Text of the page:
Although CrossFit is designed to – in their words – ‘provide functional conditioning and prepare you for any physical situation’, every now and then they’ll whip up a workout that also promises a major pump-up. We think you’ll agree that this combination of factors represents the ideal sweet spot of a good gym session. So let us introduce you to Hero WOD ‘JT’.
What is CrossFit Hero WOD?
CrossFit’ HERO WODs are designed and dedicated to the men and women who give their lives in the line of duty. So to show your respect, they’re usually harder, heavier, or longer than your backyard CrossFit ‘WOD’.
Dedicated to Jeff Taylor, who tragically lost his life in Afghanistan in 2005, JT was CrossFit’s first Hero WOD. CrossFit workouts have traditionally been designed to work your entire body as a whole. However, ‘JT’ takes a slightly different approach; instead, it zooms in on your chest, shoulders, and triceps with laser precision, not only increasing your heart rate but also providing a wicked pump that’s sure to result in serious upper-body gains.
All you need to perform this workout is ‘Rx’ (CrossFit terminology – borrowed from the medical world – ‘for’as prescribed‘) is a set of gymnastic rings and a wall for handstands. It will also take you less than 15 minutes, but make no mistake about it, this may be one of the most challenging bodyweight exercises available. You will need to earn this pump.
Below is the full workout, as well as some tips on how to scale up so you can perform this WOD no matter your fitness level.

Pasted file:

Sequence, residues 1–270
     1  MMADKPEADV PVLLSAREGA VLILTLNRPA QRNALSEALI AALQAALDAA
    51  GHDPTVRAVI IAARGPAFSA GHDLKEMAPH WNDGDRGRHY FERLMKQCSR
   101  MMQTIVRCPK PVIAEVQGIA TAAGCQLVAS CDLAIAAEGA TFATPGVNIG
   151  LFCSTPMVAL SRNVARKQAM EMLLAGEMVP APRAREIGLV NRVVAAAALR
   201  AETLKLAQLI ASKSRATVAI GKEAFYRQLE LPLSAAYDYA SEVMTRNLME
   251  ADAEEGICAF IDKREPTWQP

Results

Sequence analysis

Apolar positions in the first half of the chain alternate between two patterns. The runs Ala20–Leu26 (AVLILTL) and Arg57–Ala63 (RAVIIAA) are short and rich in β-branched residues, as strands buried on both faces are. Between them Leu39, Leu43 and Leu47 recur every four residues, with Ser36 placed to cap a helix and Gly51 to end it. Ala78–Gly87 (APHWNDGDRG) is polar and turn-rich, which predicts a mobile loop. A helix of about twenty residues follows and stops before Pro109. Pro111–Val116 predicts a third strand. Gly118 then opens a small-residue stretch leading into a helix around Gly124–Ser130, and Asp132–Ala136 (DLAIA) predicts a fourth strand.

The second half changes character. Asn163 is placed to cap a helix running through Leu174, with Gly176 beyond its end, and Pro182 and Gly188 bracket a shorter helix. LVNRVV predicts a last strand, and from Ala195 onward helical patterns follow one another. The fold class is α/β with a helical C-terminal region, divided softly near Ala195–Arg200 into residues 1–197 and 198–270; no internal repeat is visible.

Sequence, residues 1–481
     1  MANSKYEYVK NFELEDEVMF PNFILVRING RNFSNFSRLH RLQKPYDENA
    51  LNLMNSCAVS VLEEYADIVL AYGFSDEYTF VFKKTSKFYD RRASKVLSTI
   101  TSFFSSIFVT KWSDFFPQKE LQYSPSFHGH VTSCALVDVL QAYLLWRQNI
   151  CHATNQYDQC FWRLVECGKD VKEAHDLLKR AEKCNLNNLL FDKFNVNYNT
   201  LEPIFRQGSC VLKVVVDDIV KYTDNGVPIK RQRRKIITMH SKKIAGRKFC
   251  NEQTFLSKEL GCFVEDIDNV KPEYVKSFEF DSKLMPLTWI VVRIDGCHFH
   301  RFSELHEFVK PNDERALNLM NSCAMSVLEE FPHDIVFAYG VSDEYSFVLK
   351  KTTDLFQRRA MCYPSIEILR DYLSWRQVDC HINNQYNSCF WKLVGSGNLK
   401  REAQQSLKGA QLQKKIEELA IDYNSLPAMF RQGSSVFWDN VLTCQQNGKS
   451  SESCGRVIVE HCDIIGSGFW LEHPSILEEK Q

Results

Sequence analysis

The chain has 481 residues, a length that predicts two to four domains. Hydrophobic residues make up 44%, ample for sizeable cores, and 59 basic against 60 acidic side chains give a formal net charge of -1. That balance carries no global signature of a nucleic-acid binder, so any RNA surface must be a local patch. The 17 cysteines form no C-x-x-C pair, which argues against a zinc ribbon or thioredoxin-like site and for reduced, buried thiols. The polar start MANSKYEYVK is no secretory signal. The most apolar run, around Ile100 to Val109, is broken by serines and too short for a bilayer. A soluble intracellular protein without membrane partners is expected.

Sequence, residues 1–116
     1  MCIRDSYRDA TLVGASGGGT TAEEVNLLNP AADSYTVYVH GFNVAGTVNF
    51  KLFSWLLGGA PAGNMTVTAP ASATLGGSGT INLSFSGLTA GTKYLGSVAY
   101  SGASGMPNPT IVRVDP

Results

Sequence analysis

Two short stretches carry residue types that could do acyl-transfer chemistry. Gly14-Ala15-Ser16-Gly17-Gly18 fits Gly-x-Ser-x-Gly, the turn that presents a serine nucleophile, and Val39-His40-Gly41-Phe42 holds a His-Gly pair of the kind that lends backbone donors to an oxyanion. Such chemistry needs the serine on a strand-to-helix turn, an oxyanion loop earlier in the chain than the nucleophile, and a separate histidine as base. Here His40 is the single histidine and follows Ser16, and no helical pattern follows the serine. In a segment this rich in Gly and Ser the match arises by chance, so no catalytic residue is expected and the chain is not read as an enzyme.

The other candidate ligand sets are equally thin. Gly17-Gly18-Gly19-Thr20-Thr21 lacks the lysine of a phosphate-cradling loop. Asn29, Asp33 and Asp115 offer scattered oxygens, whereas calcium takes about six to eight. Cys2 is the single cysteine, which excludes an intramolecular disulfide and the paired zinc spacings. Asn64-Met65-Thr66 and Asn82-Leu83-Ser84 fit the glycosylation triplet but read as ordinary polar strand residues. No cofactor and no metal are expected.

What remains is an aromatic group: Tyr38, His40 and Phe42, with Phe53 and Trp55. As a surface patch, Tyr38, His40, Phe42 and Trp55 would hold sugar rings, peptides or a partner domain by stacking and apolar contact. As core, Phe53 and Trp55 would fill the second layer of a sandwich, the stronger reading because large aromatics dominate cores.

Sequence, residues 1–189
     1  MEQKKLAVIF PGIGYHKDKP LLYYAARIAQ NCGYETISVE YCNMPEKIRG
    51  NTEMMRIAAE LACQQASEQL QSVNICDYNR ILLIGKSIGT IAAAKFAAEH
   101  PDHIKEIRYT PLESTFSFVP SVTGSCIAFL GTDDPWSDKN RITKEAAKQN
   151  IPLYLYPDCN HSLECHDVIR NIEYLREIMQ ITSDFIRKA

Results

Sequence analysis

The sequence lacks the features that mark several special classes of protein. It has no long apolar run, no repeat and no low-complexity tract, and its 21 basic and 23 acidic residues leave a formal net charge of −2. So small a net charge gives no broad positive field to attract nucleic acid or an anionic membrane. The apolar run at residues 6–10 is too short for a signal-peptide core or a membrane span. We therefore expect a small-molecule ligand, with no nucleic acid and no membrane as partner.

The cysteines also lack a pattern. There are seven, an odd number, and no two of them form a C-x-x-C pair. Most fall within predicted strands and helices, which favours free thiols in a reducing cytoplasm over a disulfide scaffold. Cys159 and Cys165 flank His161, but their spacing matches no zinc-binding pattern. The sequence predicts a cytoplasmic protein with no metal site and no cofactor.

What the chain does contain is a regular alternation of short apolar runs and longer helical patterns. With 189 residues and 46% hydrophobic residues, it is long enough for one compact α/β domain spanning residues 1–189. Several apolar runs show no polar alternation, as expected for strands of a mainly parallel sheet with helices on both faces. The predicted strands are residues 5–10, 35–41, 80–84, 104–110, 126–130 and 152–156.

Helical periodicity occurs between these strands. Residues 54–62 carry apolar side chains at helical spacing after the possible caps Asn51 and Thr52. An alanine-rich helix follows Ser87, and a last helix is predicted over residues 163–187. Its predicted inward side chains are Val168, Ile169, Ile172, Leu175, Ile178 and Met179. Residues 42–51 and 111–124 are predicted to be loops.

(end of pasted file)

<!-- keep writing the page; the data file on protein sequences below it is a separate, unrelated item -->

How to Perform JT
You’ll follow the infamous CrossFit rep scheme called ’21-15-9′, performing 21 reps of each of three movements in a row, then 15 reps of each, and finally 9 reps. Perform all 135 reps as quickly as possible – maintaining impeccable technique, of course – resting only as needed to keep your form sharp. If you need to drop the rings or do a handstand before finishing a set, kick out and pick up where you left off, reducing the reps before moving on to the next move.
1 x Handstand Push-Up x 21, 15, 9
Do a handstand, leaning against the wall with your hands a little more than shoulder-width apart, no more than 30 cm away from the wall. (HAVE). Bend your elbows and slowly lower your head to the floor or mat, pause here. (B), push up, keeping your feet together and your body rigid. If you can, pull your knees in toward your elbows and kick them upward explosively to gain momentum as you push off the ground. If you cannot do handstand push-ups, do push-ups with your feet up.
2. Ring Bottoms x 21, 15, 9
Support yourself on a set of gymnastic rings with your palms facing in and your arms straight (HAVE). If you’re at home, use two boxes or the backs of two sturdy chairs. Lower slowly until you feel a deep stretch in your chest (B). Explosively push yourself to the top and repeat. If you can’t do dips, do push-ups regularly.
3. Push-ups x 21, 15, 9
Get into a strong plank position with your core tight and your hands under your shoulders. (HAVE)bend your elbows to bring your chest to the floor (B). Do not allow your elbows to expand as you push upward explosively. If you’ve used push-ups instead of ring dips before, stick with the intent of the workout and do these push-ups with your hands up to reduce the difficulty a bit.
Having worked in health and fitness for almost 18 years as a personal trainer, nutritionist, breathing coach and author, Andrew has spent nearly half his life exploring how he can help people improve their bodies and minds.
As our fitness editor, he’s proud to keep Men’s Health at the forefront of trustworthy, relatable, and trustworthy fitness information, writing and testing thousands of workouts each year, diving deep into the science behind muscle building and fat loss, or exploring workouts. performance and recovery psychology.
Constantly updating his knowledge base with seminars and courses, Andrew is as much in love with practice as theory and regularly puts his training to the test, tackling everything from Crossfit and strongman competitions to ultra-marathons to 24-hour multi-workout programs. (very unofficial) world record attempts.
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